Historical Prologue
The theory of differential equations has a long history, beginning with Isaac Newton.
From the early Greeks through Copernicus, Kepler, and Galileo, the motions of
planets had been described directly in terms of their properties or characteristics,
for example, that they moved on approximately elliptical paths (or in combinations
of circular motions of different periods and amplitudes). Instead of this approach,
Newton described the laws that determine the motion in terms of the forces acting
on the planets. The effect of these forces can be expressed by differential equations.
The basic law he discovered was that the motion is determined by the gravitational
attraction between the bodies, which is proportional to the product of the two
masses of the bodies and one over the square of the distance between the bodies.
The motion of one planet around a sun obeying these laws can then be shown to lie
on an ellipse. The attraction of the other planets could then explain the deviation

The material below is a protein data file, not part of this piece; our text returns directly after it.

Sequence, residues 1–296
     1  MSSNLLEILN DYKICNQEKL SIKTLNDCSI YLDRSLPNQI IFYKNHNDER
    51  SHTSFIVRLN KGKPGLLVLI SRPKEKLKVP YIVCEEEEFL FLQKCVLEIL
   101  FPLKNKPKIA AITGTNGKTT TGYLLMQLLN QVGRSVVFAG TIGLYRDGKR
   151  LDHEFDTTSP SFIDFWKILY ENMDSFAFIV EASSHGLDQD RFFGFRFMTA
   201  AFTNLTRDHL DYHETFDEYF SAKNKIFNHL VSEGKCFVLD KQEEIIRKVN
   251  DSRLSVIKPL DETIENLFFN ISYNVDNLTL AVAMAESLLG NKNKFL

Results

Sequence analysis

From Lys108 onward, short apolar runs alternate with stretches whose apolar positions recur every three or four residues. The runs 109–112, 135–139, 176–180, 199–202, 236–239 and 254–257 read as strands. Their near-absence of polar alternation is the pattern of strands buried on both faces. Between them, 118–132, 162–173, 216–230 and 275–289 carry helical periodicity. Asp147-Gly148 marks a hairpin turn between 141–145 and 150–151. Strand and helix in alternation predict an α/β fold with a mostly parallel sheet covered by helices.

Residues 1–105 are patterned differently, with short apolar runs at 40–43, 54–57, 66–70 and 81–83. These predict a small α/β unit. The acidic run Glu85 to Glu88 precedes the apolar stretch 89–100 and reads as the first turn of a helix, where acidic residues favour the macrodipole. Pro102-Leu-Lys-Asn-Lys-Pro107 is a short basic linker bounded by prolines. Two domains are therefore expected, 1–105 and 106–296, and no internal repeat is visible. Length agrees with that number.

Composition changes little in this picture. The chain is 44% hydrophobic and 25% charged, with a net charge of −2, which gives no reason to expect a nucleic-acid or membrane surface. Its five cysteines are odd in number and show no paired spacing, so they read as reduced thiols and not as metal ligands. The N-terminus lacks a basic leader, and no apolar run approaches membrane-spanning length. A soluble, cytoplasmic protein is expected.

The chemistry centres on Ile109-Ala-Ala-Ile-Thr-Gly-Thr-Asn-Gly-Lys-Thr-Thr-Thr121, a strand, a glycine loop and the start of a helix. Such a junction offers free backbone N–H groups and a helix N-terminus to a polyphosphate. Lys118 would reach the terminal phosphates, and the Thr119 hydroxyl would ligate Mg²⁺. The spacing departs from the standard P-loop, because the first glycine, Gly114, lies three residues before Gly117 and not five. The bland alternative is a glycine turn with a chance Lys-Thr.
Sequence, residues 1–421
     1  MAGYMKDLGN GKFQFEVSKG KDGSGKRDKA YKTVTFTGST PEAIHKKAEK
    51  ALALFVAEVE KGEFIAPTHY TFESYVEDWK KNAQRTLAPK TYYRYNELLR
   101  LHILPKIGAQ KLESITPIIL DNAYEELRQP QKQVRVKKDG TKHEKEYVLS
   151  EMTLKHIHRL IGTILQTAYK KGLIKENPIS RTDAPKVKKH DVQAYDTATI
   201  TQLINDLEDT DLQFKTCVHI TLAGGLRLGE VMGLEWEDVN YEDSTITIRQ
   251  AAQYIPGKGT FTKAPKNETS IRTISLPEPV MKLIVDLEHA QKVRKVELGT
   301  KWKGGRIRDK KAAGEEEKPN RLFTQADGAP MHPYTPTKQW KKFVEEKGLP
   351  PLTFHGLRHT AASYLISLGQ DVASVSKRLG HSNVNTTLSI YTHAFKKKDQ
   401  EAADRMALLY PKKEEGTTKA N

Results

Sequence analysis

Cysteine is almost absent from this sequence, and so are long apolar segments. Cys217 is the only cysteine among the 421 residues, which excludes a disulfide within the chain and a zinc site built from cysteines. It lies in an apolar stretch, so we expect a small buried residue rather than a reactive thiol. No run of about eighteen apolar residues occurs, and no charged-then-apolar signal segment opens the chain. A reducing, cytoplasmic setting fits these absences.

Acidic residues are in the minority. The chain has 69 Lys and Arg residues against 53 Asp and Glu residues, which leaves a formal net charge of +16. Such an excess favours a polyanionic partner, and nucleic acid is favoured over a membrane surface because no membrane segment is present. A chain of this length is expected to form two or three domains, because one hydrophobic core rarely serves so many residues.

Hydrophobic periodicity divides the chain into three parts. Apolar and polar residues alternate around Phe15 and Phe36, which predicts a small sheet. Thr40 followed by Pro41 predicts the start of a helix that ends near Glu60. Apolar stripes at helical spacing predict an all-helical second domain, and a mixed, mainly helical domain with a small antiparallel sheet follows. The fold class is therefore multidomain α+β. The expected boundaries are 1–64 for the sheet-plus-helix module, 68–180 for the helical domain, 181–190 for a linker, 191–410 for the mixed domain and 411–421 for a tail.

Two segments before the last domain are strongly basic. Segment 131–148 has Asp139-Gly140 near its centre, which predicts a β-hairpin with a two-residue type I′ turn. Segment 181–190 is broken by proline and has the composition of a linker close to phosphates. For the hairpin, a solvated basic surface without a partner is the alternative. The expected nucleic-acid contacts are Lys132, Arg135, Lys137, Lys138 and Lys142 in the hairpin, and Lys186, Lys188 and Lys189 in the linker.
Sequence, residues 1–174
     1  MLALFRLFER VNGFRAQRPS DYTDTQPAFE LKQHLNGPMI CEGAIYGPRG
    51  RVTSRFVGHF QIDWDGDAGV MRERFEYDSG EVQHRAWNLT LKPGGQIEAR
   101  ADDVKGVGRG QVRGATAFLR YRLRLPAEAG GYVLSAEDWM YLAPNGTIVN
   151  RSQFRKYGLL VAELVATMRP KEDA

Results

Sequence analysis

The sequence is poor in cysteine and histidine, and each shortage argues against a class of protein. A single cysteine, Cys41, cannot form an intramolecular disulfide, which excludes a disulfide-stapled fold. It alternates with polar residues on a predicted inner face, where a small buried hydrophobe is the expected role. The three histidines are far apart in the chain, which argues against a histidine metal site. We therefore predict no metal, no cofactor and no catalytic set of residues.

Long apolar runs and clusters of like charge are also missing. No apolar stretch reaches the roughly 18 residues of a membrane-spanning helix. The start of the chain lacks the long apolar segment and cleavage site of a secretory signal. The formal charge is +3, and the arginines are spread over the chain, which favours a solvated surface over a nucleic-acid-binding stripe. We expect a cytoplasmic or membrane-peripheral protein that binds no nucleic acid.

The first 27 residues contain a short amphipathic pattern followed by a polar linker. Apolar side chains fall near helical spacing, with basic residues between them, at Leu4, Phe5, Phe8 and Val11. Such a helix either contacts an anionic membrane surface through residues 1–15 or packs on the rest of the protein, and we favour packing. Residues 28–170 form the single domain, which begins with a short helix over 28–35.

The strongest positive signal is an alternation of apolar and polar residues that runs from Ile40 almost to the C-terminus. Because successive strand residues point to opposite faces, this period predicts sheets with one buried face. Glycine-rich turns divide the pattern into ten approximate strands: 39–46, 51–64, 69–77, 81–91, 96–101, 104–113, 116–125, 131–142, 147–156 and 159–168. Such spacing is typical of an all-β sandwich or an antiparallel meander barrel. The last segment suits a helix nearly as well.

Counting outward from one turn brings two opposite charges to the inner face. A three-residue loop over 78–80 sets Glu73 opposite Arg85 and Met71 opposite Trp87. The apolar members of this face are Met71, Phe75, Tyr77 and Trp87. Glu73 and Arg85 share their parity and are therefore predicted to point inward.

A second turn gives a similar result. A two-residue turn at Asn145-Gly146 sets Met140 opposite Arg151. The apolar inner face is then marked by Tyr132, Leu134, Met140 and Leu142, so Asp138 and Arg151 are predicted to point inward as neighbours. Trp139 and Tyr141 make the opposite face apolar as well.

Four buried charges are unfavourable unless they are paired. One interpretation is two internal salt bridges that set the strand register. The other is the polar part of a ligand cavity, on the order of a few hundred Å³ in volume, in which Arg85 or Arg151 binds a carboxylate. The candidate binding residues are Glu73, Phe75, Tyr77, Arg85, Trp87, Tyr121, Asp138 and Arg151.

of the motion of the planet from the elliptic orbit. This program was continued
by Euler, Lagrange, Laplace, Legendre, Poisson, Hamilton, Jacobi, Liouville, and
others.
By the end of the nineteenth century, researchers realized that many nonlinear
equations did not have explicit solutions. Even the case of three masses moving
under the laws of Newtonian attraction could exhibit very complicated behavior
and an explicit solution was not possible (e.g., the motion of the sun, earth, and
moon cannot be given explicitly in terms of known functions). Short term solutions
could be given by power series, but these were not useful in determining long-term
behavior. Poincar´ e, working from 1880 to 1910, shifted the focus from finding
explicit solutions to discovering geometric properties of solutions. He introduced
many of the ideas in specific examples, which we now group together under the
heading of chaotic dynamical systems. In particular, he realized that a deterministic
system (in which the outside forces are not varying and are not random) can exhibit
behavior that is apparently random (i.e., it is chaotic).
In 1898, Hadamard produced a specific example of geodesics on a surface of
constant negative curvature which had this property of chaos. G. D. Birkhoff
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